Baratunde Cola Receives 2012 AAAS Early Career Award
The American Association for the Advancement of Science (AAAS) has named Baratunde Cola, an assistant professor in the George W. Woodruff School of Mechanical Engineering, to receive the AAAS Early Career Award for Public Engagement with Science, recognizing “his commitment to an exceptional research career while sharing his passion for science by engaging in creative outreach with teachers and students in underrepresented communities.”
Established in 2010, the AAAS Early Career Award for Public Engagement with Science recognizes the achievements of individual early-career scientists and engineers who have demonstrated significant contributions to public engagement activities while simultaneously pursuing a research career. Cola will receive the prize at an awards ceremony on February 15 at the AAAS Annual Meeting in Boston, Massachusetts.
In particular, “Baratunde Cola has an impressive scientific record for one so early in his career, while at the same time engaging in substantial public outreach,” said Tiffany Lohwater, director of meetings and public engagement at AAAS. “His collaborative work with K-12 teachers to create broadly dispersed education materials in the fields of nanotechnology and energy conservation, from hands-on engineering competitions to nanotechnology-inspired art displays, is commended.”
AAAS Chief Executive Officer Alan I. Leshner, executive publisher of the journal Science, commended Cola for his efforts as a champion for the scientific enterprise. “Going above and beyond his laudable research career, Dr. Cola shares his passion for science and engineering with a diversity of public audiences,” Leshner said. “He is an exceptional role model for the next generation of scientists and engineers.”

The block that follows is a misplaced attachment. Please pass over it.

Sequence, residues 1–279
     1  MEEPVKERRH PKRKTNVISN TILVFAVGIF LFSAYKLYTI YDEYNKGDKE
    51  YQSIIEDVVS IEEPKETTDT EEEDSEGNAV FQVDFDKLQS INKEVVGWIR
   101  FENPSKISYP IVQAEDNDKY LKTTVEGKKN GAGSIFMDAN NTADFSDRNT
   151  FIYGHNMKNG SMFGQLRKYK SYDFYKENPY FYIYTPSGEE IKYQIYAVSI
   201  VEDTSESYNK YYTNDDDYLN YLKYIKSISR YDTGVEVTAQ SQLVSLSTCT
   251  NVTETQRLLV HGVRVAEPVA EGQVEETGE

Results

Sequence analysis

Cola has focused on public engagement on many fronts, working to inspire K-12 students and their teachers to learn about the latest research in nano- and energy technologies. He has formed new partnerships with teachers in many school districts to engage with hundreds of high school students, working with teachers to develop nanotechnology-focused lesson plans, and inspired art students and teachers to produce a nanotechnology-inspired public art display. He also negotiated to attain a tabletop scanning electron microscope for a science classroom at a high minority, low-income school and developed a hands-on engineering design competition to explore the fundamentals of heat transfer.
Cola’s “infectious passion for solving the world’s energy problems is apparent when he is working with teachers and students,” wrote Georgia Tech mathematics professor Richard Millman in his nomination letter. “Dr. Cola’s energy, charisma, and humor engages those interested as well as not interested in [science, technology, engineering and math] and inspires them to start thinking of our energy issues and how engineers are solving those problems every day.”